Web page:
The importance of this historic engineering feat has been marked with an ICE plaque alongside the Rochdale Canal, within a few minutes' walk of the city centre.
The Rochdale Canal, which opened in 1798-99, was built with 92 locks to allow it to cross the Pennines, and stretches 32 miles from Rochdale to Castlefield, where it joins the Bridgewater Canal.
North West Regional Director, Darrell Matthews, said "Our plaque celebrates what you might call the transport infrastructure of the first Northern Powerhouse. Manchester's canals helped facilitate the birth of the world's first industrial revolution, and in doing so helped make Manchester become the first modern industrialised city. The canal network is a fantastic feat of civil engineering and a vital part of British history, of which we should be very proud."
Clive Mitchell, Project Team Manager and Engineer, Canal & River Trust, said: "Our canals were built by some of the great civil engineers of the late 18th century and much of the network is still in excellent working order. In recent years the canals have taken on a new lease of life as a popular location for urban regeneration. They also form tremendous traffic-free routes for walkers and cyclists and wonderful wildlife corridors through the heart of the city.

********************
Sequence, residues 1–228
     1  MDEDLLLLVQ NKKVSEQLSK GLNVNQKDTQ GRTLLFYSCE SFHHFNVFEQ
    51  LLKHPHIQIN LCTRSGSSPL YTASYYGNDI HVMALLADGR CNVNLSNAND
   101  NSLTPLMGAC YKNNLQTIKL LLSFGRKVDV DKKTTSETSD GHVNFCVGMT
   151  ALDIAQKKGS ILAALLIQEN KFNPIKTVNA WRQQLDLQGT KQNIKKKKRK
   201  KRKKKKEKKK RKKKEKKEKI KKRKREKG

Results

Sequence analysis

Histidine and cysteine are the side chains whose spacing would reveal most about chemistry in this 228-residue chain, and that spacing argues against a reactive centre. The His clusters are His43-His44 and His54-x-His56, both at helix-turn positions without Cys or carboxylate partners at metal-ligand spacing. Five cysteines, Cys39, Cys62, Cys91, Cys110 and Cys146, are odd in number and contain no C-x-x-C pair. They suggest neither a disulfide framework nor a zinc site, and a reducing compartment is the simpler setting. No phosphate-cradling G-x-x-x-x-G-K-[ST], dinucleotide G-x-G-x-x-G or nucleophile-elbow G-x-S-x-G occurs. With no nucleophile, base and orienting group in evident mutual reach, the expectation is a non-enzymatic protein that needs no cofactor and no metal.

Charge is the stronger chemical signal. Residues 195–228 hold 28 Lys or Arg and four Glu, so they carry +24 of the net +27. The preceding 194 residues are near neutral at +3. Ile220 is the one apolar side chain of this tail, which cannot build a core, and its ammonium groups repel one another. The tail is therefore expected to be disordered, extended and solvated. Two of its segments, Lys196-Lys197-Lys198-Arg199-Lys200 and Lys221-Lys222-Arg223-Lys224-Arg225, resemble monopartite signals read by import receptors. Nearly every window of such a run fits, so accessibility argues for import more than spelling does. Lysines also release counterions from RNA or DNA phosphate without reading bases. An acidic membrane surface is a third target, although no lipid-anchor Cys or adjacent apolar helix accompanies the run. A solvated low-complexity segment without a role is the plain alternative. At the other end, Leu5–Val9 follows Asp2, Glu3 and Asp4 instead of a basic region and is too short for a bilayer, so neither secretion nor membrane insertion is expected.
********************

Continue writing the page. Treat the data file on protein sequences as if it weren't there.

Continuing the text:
"What began as a vital part of the transport infrastructure of the first Northern Powerhouse is now a major leisure asset at the heart of a thriving city."
See ICE North West's video about Manchester's inland canals.
Find out more about ICE's This is Civil Engineering campaign or contact Spencer Fitz-Gibbon to get involved.